Sallie Krawcheck tells women: 'Sometimes it’s not you, it’s him’

Sibile Marcellus
·Reporter
·4 mins read

The gender pay gap may have narrowed since 1980, but it still persists. In 2018, women earned 85% of what men earned, according to a Pew Research Center analysis of median hourly earnings of both full-time and part-time workers.

And according to Sallie Krawcheck, CEO of Ellevest, a digital investing startup focused on women, the pay gap — and the gender wealth gap — has led to more than just uneven checking accounts.

“I think we would all agree that we actually wouldn’t be in this #MeToo #TimesUp moment if women had as much money as men do,” Krawcheck told an audience at the INvolve & Audeliss CEO Panel Breakfast hosted by Yahoo Finance.

Women own 32 cents for every dollar a man does, Krawcheck said. “What’s a reason women may have to accept a job, stay in a job where she’s not getting promoted. People who she’s outperforming are getting promoted around her. She didn’t have enough money to leave,” said Krawcheck.

Krawcheck pushed back against the notion that it’s entirely in women’s hands to achieve their career goals. “In an era of know your worth, take the seat at the table, you go girl, you got this, you know if you didn’t get the raise this time, you didn’t read the book closely enough. You better underline it, you better notate it, go back in there. It’s just a matter of working harder. What I would say is, sometimes it’s not you. Sometimes you work for a Todd,” she said.

NEW YORK, NY - OCTOBER 25:  Ellevest CEO and Co-Founder Sallie Krawcheck speaks onstage at the Yahoo Finance All Markets Summit on October 25, 2017 in New York City.  (Photo by Cindy Ord/Getty Images for Yahoo)
NEW YORK, NY - OCTOBER 25: Ellevest CEO and Co-Founder Sallie Krawcheck speaks onstage at the Yahoo Finance All Markets Summit on October 25, 2017 in New York City. (Photo by Cindy Ord/Getty Images for Yahoo)

“Todd,” as described by Krawcheck, is not necessarily a man or a woman, but a manager who talks about supporting women and minorities in the workplace but doesn’t always follow through. “He or she went to unconscious bias training class...talks about how they’re woke, but just never seems to promote anybody but someone who looks like themself,” she said. “No book will tell you this, it’s not you, it’s him.”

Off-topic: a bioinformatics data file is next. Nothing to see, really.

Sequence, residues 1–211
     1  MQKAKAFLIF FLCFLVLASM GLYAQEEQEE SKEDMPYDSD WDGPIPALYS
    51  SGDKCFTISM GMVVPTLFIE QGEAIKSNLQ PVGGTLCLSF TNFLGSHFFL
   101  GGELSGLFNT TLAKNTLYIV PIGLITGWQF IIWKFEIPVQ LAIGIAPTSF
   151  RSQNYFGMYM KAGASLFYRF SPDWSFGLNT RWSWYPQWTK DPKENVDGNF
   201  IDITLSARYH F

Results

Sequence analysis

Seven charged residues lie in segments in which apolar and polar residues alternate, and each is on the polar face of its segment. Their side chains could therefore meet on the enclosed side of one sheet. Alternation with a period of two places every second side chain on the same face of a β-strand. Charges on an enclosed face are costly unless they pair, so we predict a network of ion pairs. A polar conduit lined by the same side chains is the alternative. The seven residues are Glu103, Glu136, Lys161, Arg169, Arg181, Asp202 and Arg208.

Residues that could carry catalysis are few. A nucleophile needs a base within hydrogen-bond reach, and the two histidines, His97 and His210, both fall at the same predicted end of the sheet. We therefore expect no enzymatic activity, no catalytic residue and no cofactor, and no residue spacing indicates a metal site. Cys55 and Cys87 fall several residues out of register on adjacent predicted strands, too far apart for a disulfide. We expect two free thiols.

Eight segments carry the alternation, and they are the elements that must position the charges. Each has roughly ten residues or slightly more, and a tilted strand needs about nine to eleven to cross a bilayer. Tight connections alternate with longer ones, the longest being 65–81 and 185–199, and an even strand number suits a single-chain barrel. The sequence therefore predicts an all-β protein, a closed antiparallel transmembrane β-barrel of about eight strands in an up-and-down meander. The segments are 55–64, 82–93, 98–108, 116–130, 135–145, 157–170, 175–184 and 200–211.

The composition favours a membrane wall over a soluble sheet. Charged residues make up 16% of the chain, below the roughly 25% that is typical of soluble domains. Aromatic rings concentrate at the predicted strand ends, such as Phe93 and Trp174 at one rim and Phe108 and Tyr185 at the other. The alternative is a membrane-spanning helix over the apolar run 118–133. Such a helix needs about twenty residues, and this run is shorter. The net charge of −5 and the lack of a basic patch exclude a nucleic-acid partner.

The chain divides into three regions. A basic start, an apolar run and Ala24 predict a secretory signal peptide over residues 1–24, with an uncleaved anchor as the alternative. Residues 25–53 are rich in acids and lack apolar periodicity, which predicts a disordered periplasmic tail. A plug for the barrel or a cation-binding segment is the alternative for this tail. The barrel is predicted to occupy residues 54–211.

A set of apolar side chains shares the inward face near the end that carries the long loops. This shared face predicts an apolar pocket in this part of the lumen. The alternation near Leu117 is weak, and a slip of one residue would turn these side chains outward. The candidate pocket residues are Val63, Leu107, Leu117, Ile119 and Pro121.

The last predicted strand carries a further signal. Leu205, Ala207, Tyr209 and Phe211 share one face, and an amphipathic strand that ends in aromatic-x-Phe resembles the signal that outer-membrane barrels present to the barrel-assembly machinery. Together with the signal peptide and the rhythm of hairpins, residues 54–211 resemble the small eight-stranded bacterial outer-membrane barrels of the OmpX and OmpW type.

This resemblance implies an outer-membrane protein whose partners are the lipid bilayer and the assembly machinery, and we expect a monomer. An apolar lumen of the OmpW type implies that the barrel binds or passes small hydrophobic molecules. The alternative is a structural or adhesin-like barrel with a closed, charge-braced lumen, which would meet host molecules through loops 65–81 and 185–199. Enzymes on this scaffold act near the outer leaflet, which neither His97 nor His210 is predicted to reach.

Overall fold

As awareness about the gender pay gap increases, some of America’s largest companies are beginning to address it. For instance, Citigroup adjusted the salaries of some of its female employees after an internal analysis revealed a 27% gap in average pay among peers in 2019. However, the vast majority of the country’s largest public companies have not publicly disclosed gender pay gaps. Only 65 out of 890 were transparent with the public, according to Just Capital.

‘Take your hand off my leg money’

Prior to co-founding Ellevest, Krawcheck was Citigroup’s chief financial officer. She was also president of Global Wealth and Investment Management at Bank of America. She advises that women focus on their personal finances in order to get out of unfavorable situations at the workplace.

“Take care of your finances at home. You make sure you’re building up that cushion… so you’ve got the ‘get the hell out of the job that’s not working for me’ money. Which happens to be, by the way, also leave the relationship I don’t like money. And at the same time ‘the take your hand off my leg’ money,” she said.

Krawcheck encourages women to leverage their financial might. “Advice to us around money, tends to be don’t buy the latte, invest the money instead. Don’t have the facial. Don’t buy the shoes,” she said.

While men hear “generate Alpha, buy low sell high,” she said. “We actually are trying to hit at these societal underpinnings where we tend to think, we would never really phrase it this way, we tend to think money is for men.”

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